Fake heiress Anna Sorokin released early from prison
Fake heiress Anna Sorokin uses Netflix cash to pay victims
Fake heiress Anna Sorokin finally apologizes
Fake heiress warns strangers to stop visiting her in prison
Sure, “fake heriess” Anna Sorokin, a k a Anna Delvey, wasn’t born into extreme wealth or royalty, but she was born for this — life as a fabulously messy con-woman-turned-social-media influencer.
After years spent defrauding businesses and friends to the tune of about $200,000, Sorokin was released from Albion Correction Facility early on Thursday on the basis of good behavior. The femme fatale spent just 21 months behind bars out of her full four- to 12-year sentence.
Sorokin, who pretended to be the German heir to a 60 million Euro fortune, wasted no time on her splashy return to social media following her release.
“Prison is so exhausting, you wouldn’t know,” she wrote for her 75,000 followers on Instagram, in a post published around 4 a.m. on Friday morning. With 1,700 “likes” and counting, an image shows Sorokin wrapped in bed, though the wannabe socialite couldn’t be bothered to take off her giant sunglasses.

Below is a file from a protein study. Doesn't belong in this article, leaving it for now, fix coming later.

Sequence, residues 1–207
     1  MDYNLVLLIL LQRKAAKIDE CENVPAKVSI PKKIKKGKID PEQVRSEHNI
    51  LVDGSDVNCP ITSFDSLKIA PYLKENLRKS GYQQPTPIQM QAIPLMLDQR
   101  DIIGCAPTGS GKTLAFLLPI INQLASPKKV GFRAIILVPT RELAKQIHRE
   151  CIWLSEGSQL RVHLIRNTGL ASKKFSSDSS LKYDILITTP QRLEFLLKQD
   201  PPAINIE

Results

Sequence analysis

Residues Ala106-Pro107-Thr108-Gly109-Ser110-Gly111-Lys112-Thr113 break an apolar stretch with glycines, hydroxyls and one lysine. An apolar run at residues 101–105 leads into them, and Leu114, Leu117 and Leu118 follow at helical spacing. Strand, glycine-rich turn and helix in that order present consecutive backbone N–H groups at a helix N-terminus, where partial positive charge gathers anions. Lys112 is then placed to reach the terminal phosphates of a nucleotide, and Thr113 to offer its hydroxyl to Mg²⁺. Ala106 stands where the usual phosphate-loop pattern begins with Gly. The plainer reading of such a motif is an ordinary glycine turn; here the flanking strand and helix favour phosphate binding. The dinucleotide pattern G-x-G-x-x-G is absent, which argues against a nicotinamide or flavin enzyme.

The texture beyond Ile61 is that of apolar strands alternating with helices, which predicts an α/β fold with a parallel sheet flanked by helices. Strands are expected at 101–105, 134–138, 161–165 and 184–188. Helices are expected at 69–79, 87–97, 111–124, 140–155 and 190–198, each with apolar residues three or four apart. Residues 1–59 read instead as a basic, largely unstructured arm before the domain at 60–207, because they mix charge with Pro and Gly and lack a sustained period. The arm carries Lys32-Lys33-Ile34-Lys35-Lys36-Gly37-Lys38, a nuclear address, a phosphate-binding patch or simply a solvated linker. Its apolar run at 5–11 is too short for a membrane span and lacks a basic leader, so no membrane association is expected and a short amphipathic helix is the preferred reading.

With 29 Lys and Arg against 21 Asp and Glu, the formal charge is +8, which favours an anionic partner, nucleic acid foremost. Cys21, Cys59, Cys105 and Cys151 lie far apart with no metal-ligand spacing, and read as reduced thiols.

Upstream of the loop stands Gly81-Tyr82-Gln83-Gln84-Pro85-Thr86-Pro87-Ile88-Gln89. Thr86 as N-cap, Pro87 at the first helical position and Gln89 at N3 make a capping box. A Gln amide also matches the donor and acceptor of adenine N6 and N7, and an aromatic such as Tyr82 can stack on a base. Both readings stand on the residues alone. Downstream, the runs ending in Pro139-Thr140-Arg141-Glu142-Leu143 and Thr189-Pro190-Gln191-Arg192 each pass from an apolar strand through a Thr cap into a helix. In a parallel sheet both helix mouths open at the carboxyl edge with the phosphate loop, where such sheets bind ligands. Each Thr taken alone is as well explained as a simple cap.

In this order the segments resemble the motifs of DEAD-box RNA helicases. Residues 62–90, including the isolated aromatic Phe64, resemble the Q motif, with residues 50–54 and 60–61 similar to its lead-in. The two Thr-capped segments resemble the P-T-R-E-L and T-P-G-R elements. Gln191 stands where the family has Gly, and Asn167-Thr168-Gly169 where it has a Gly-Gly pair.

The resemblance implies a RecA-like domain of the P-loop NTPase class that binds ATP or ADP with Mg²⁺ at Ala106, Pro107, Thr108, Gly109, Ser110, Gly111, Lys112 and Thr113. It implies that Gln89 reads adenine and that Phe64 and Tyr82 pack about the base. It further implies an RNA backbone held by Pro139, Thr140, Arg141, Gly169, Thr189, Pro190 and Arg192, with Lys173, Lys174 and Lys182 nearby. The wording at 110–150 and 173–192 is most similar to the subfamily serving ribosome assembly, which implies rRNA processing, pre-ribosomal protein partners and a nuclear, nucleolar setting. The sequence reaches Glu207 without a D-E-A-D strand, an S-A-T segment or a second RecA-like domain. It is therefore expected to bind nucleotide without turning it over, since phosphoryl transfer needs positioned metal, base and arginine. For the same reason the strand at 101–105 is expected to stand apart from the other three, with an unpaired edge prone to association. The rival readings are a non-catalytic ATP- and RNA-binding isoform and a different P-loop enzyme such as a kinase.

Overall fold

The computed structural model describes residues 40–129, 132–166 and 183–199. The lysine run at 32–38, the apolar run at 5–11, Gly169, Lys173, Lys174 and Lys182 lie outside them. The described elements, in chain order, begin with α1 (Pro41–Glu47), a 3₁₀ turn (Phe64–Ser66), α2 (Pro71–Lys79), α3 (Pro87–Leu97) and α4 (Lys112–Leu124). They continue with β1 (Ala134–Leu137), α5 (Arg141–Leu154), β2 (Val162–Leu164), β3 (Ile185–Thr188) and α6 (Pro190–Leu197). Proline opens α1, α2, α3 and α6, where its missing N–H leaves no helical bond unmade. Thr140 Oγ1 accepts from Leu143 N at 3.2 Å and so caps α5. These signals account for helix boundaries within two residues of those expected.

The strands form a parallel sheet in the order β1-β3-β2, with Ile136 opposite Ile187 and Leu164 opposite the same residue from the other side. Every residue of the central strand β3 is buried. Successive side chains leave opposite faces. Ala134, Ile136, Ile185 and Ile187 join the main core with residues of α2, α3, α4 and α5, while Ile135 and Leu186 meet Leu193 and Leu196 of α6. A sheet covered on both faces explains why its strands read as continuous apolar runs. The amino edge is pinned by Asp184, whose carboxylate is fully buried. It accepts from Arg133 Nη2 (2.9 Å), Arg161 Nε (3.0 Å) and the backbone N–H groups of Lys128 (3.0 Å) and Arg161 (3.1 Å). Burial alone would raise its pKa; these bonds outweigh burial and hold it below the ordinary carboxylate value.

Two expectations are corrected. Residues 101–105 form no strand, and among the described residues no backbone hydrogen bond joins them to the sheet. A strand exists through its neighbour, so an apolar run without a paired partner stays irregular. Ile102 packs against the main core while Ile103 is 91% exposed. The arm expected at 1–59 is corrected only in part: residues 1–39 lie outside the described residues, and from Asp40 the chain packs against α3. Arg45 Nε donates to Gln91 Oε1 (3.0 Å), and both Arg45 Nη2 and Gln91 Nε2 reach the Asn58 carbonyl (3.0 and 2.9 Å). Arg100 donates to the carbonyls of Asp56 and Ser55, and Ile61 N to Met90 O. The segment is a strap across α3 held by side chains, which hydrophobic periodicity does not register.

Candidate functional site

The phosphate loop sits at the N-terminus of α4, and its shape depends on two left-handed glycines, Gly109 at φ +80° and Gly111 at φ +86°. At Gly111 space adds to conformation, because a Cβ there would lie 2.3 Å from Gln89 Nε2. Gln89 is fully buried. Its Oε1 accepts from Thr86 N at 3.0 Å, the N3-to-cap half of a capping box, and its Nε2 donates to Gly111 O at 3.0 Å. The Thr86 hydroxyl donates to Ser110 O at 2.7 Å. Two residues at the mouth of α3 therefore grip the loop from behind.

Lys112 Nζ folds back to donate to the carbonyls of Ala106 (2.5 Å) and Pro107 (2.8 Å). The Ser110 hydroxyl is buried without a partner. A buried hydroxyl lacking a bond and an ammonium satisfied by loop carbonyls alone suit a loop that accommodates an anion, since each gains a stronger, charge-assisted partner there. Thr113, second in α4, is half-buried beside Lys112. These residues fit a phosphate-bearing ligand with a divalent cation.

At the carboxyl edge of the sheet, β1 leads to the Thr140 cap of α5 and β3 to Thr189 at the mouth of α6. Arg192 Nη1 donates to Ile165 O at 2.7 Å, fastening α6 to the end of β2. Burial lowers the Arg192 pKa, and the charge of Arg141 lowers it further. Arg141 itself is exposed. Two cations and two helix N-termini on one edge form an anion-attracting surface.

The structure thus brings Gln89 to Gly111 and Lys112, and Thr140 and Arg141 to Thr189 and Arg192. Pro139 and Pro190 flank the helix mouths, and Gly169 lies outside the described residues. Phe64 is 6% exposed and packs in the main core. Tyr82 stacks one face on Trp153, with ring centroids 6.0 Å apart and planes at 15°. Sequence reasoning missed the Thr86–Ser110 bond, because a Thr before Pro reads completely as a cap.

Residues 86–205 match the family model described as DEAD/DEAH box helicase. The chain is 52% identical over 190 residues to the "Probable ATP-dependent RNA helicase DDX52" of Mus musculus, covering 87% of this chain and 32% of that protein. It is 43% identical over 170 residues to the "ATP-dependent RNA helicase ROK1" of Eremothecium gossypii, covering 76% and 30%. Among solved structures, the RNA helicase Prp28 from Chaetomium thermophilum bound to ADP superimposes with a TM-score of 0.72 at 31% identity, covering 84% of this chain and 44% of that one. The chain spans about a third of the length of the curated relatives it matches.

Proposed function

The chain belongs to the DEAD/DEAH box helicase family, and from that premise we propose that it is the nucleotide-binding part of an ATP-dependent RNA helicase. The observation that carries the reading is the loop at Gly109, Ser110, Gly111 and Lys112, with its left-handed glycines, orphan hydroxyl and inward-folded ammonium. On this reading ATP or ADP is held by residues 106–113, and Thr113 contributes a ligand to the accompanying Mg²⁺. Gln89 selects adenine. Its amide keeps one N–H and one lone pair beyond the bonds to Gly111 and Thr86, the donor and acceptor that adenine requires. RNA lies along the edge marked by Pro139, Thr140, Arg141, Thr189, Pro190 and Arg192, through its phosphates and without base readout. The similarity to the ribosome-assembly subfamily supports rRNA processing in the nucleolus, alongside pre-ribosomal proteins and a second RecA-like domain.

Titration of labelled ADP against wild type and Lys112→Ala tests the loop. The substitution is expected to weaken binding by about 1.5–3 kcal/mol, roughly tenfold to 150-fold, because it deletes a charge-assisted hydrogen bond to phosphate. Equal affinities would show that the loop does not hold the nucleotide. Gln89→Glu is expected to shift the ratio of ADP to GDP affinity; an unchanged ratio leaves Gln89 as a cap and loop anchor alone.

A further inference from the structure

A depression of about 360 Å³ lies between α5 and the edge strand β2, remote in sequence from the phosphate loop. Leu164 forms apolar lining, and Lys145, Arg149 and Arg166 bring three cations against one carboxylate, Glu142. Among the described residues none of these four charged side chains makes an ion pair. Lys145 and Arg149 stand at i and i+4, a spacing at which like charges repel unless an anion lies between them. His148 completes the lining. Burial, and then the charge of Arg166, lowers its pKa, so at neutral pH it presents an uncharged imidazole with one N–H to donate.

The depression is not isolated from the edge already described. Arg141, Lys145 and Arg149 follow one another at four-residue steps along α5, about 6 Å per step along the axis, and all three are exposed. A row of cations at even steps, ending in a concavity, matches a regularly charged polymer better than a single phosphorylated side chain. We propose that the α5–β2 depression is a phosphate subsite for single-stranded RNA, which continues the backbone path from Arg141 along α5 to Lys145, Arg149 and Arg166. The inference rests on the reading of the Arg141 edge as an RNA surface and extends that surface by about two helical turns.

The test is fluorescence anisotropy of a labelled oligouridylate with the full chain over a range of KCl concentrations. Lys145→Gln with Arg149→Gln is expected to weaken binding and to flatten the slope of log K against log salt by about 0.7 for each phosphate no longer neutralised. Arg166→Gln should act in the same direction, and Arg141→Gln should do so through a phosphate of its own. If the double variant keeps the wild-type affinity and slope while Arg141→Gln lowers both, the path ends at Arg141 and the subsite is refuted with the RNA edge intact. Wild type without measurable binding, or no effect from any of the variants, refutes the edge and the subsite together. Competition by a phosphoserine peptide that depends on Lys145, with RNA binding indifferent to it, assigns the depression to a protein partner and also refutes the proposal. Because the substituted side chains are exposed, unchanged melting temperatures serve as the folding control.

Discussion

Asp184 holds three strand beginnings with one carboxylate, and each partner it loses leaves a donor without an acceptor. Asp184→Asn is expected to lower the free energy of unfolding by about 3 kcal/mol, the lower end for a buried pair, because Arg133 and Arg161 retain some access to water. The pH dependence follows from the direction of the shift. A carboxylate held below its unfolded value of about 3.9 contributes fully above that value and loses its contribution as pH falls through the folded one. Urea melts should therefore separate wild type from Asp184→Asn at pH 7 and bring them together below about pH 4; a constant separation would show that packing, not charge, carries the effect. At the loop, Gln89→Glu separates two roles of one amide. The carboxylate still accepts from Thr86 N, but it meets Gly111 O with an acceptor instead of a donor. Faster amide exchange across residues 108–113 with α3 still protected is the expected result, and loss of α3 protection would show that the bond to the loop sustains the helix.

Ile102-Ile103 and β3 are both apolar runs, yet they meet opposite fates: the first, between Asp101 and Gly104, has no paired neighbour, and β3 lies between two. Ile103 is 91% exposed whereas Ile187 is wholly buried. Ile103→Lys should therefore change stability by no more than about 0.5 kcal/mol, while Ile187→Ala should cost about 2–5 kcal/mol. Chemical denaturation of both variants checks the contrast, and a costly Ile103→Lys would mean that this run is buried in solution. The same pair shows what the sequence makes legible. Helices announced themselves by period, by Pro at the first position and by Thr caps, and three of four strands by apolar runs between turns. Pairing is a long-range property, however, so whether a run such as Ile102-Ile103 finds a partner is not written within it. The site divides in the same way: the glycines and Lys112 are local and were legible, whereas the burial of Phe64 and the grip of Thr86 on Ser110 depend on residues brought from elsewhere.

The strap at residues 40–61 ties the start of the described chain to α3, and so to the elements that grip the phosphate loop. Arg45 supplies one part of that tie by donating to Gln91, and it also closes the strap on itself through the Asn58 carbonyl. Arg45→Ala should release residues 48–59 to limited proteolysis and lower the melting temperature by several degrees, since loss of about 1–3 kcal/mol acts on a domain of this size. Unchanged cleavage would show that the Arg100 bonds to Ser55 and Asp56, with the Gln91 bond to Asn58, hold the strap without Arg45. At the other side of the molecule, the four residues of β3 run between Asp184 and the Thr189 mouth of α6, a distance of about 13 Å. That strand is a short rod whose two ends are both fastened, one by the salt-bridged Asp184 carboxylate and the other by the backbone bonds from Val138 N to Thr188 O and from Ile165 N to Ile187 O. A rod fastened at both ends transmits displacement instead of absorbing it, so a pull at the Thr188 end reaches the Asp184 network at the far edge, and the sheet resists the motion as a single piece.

The post was geo-tagged in Manhattan — possibly the site of a “male friend” where Sorokin told the Board of Parole she’d be staying upon release, though she expects to be deported back to Germany imminently.
A second post on Friday morning featured the notorious scene from “Basic Instinct” which sees Sharon Stone in a skin-tight white mini-dress. The photo included the caption “Pleading the fifth.”
Sorokin’s trial was famously drawn-out as the fashionista frequently insisted on postponing proceedings by complaining of the less-then-glamourous garments she was offered to wear during hearings, asking instead for the aid of her stylist.
During the Oct. 6 hearing which would decide her early release, the SoHo siren apologized, telling the board she was “really ashamed” of her crimes, which included grifting tens of thousands from those around her as well as a scheme to score a $22 million loan to launch a Manhattan art club.
Despite her arrest and losing out on millions of unearned dollars, the viral vamp landed a $320,000 deal with Netflix for the rights to her life story — though $200,000 of it has reportedly already gone to restitution.
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